Sir: I read in a column about the writer's friend that certain words "do her the same way fingernails scratched across a chalkboard would." Is this use of "do" correct? It rubs me the wrong way.

- Rosetta B.

Answer: Why? "Do" is used in so many ways it's almost impossible to do it wrong. One can do good, do to death, do honor, do in, do dishes, and on and on. All I can say is, if "do" does you wrong, don't do it.

Sir: A teacher friend told me that "w" is a vowel when it is at the end of a word, following "o" or "e." When did this happen? This is news to me! I would also like a good definition of what makes a letter a vowel.

- Nancy B.

Answer: What's a vowel? It is, to quote a leading dictionary in part, "one of a class of speech sounds in the articulation of which the oral part of the breath channel is not blocked and is not constricted enough to cause audible friction." Now that that's clear, let's take your question about "w." I haven't the slightest notion. But I can offer you the perfect response to all questions about vowels. Just explain, as I do, that you don't do vowels.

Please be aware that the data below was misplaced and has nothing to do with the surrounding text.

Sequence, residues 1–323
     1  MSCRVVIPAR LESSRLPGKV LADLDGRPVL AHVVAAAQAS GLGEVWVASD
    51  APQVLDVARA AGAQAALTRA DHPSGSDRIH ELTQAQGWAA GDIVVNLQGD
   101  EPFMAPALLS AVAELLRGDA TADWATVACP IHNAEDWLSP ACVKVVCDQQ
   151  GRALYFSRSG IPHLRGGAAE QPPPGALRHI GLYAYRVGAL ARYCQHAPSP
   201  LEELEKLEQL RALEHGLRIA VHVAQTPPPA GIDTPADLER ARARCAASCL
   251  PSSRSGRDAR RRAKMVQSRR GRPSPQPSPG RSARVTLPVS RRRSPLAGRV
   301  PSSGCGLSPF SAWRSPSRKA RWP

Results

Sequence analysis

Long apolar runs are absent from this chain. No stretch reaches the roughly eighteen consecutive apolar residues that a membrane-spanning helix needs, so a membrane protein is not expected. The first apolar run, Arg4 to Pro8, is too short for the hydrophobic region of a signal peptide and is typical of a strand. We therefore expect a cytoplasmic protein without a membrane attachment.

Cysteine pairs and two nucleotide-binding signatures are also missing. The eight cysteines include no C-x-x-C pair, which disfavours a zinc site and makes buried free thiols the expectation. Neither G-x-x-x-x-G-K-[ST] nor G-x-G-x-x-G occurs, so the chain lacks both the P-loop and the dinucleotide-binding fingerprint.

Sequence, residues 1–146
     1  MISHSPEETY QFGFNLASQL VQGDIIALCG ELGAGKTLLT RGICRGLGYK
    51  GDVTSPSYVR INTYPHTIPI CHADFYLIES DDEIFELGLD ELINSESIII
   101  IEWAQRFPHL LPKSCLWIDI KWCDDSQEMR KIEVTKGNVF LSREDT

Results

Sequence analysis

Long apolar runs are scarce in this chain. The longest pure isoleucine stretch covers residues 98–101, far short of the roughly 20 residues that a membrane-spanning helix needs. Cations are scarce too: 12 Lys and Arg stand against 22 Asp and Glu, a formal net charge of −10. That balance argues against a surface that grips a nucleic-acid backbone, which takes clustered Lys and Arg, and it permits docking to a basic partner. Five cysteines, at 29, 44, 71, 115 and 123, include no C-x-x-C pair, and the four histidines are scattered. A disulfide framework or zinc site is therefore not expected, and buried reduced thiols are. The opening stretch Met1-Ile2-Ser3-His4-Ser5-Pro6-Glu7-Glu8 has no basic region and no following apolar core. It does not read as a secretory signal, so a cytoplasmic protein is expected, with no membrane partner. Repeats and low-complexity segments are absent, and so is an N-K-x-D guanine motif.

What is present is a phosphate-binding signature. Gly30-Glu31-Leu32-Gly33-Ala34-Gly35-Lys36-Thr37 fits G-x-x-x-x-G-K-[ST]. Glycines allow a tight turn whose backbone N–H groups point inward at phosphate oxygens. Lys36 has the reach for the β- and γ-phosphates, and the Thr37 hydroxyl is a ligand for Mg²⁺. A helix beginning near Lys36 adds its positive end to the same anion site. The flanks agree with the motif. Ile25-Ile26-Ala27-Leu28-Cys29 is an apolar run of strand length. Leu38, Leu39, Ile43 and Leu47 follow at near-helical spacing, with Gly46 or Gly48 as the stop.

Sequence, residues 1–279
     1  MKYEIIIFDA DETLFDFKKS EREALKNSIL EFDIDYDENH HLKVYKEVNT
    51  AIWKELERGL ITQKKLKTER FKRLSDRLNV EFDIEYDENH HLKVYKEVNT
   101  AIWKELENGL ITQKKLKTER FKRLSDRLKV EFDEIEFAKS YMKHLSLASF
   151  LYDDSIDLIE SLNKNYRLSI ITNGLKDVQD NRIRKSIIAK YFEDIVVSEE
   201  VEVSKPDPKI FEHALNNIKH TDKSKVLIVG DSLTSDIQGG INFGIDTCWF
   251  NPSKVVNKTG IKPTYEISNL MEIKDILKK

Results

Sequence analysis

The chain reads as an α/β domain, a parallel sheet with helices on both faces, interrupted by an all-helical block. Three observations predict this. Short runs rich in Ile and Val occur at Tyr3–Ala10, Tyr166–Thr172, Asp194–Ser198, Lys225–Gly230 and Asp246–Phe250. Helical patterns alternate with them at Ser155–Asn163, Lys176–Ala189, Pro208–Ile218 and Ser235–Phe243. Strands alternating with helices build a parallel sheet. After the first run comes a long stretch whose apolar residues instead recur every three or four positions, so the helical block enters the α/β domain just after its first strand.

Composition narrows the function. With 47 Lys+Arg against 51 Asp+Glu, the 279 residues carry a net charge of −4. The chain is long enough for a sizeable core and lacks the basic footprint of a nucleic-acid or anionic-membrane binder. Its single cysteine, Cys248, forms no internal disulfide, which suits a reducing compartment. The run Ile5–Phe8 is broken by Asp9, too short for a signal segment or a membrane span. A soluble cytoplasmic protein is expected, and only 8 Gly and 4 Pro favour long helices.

Sir: A person in my newspaper is quoted as follows: "I know that I and some other people are dipping out the Atlantic Ocean with a teaspoon, but I and a lot of other people just keep on dipping." Please comment on those uses of "I." Could it be that everyone has thrown away the book on the English language?

- Marilyn J.

Answer: Well, golly, you got me. I can see that dipping out the ocean with a spoon is pretty tiresome as well as nutty, but what has "I" to do with it? As far as I can see, every bloomin' "I" in that quote is correct. Why don't we complain about the size of the spoon instead?


"My newspaper told me about an accident that occurred when `a van carrying nine people and a pickup truck collided at an intersection.' But what did it collide with?"